Posts Tagged ‘covid’

This week Tina has set us a daunting task: to share special moments with the Lens-Artists community. Just the thought of trying to choose only five or six special moments out of all the years of photos almost made me give up in despair. Instead, I decided instead to limit my special moments to moments since moving to Arizona just under a year ago…and believe me, that’s hard enough!

Not long after we arrived at our new rental house, the torch cactus in the backyard bloomed with beautiful flowers that have a fleeting life of only about one day. I was stunned by their beauty and thrilled that they bloomed a number of times in the ensuing weeks. What a welcome to the desert! But like much of the desert, be careful how close you get! Beauty and danger have a habit of co-existing here.

On several visits to the Riparian Preserve, I’d spoken with a birder from, judging by his accent, either Boston or that part of the world, about the harrier hawk (he pronounced it “hairyah”) that he was an expert on. This day I followed him down a back path where he not only pointed out the hawk but told me about where he thought her nest was, her usual flight patterns, and so on. Here’s one of my shots of that special moment.

copyright janet m. webb

This pollen-covered bee ecstatically dancing in a poisonous datura flower was definitely a moment that brought joy to my heart.

copyright janet m. webb

Me finally catching a cormorant catching a fish was pretty exciting as was catching him drop it and an egret snatching it away a few minutes later.

copyright janet m. webb

There’ve been so many more special moments since we’ve moved: in Sedona and Saguaro National Park, seeing a vermillion flycatcher at Tuscon’s Sweetwater Wetlands and seeing alpine growth at the top of Mt. Lemmon. The most special moments though don’t have any photos…being here to spend time with and help out my aging parents and, weirdest of all the special moment, the three of us getting our second Covid vaccinations as well and my husband getting his first. What a year when getting shots is probably the highlight!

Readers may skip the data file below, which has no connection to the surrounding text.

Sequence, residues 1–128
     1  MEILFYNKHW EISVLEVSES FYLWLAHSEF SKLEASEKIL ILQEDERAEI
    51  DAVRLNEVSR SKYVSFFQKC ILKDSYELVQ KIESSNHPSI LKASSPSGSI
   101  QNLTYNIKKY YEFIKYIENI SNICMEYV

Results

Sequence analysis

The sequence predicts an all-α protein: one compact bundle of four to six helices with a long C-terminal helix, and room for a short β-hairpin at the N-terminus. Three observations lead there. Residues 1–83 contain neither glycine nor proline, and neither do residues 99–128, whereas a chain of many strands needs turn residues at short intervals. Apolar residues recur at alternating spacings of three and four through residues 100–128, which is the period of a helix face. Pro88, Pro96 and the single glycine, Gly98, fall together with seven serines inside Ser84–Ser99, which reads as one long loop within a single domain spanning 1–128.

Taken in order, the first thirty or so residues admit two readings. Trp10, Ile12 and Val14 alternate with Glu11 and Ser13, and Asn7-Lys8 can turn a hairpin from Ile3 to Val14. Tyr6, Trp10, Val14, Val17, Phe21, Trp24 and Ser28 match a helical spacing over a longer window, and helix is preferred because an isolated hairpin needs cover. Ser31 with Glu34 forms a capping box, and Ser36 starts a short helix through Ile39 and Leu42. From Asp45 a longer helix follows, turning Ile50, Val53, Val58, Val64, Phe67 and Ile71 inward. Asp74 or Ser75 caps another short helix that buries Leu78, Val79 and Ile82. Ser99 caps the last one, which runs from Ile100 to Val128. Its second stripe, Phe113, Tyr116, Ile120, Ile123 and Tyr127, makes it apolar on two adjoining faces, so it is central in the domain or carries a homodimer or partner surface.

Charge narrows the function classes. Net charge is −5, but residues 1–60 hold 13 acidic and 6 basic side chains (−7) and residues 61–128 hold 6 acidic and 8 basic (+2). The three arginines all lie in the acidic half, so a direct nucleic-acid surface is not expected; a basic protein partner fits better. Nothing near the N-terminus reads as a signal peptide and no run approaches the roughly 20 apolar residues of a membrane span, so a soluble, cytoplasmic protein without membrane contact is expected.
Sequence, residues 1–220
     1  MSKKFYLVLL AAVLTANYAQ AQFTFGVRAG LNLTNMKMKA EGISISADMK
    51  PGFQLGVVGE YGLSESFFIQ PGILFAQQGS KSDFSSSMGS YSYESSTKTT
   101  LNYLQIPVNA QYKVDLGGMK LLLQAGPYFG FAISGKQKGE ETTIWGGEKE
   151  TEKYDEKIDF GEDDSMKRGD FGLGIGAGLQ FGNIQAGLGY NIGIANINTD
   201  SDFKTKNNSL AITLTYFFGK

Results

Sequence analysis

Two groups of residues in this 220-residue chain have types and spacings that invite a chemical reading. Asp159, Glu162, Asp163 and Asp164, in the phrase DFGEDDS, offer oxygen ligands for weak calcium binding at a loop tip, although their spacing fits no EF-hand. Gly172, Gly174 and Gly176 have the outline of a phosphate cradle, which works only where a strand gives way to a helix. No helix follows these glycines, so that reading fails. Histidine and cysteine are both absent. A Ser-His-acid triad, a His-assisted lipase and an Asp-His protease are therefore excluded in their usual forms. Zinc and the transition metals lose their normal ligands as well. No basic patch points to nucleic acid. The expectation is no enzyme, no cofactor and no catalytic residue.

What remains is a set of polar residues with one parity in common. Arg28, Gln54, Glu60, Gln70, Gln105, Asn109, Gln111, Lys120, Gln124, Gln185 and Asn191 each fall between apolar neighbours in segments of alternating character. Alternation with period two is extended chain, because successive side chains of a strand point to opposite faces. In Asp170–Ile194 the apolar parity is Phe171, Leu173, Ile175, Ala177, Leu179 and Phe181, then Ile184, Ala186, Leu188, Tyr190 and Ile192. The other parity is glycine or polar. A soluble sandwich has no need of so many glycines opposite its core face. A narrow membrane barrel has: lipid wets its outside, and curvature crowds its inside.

This last shot may not seem special but it’s of the only squirrel I’ve seen in this area since we moved here. Small joys.

Nothing prepared us for for a year like this, did it? Things are very different right now: masks, distancing, stay-at-home orders, and worse: job loss, businesses closing, people dying. Some of the consequences of Covid are terrible. But let’s be real. Many are inconveniences nothing more, what I like to call first world problems, such as having to wear masks, not being able to go into bars, not being able to hang out with friends.

Even if you don’t complain, what do you miss? I think I miss spontaneity: meeting a friend for lunch, going on vacation without wipes and disinfectant spray, finding waiting at the airport a pain only for being boring, walking into a library, hugging someone, going to a craft bar, my yearly trip to France, deciding to browse at a store, and while I don’t have a problem with it, not wearing a mask would be pretty exciting. Without spontaneity, I feel as if I’m just hanging around most of the time.

So, lots of negatives. The more challenging question is has Covid done anything for you? (Spell Check wants to know if Ovid has done anything for you!) I’m not saying we should be glad Covid came along to screw up 2020, but although I know seems as if all its impacts are negative, maybe they’re not. Maybe some good has come out of this year.

Covid has made me realize again what’s important: family; keeping in touch with friends by actual mail, text, or phone; having a home to spend time in; my husband having a job even if he has to work ridiculous hours; how a blog can help me stay in touch with people; how blessed I was to be able to take things for granted; the value of libraries having e-books. It’s also made me realize that many things I complained about really weren’t worth complaining about!

How about you? What do you miss? What might Covid have done for you? ( And if Ovid’s done anything for you, you can let me know that too.)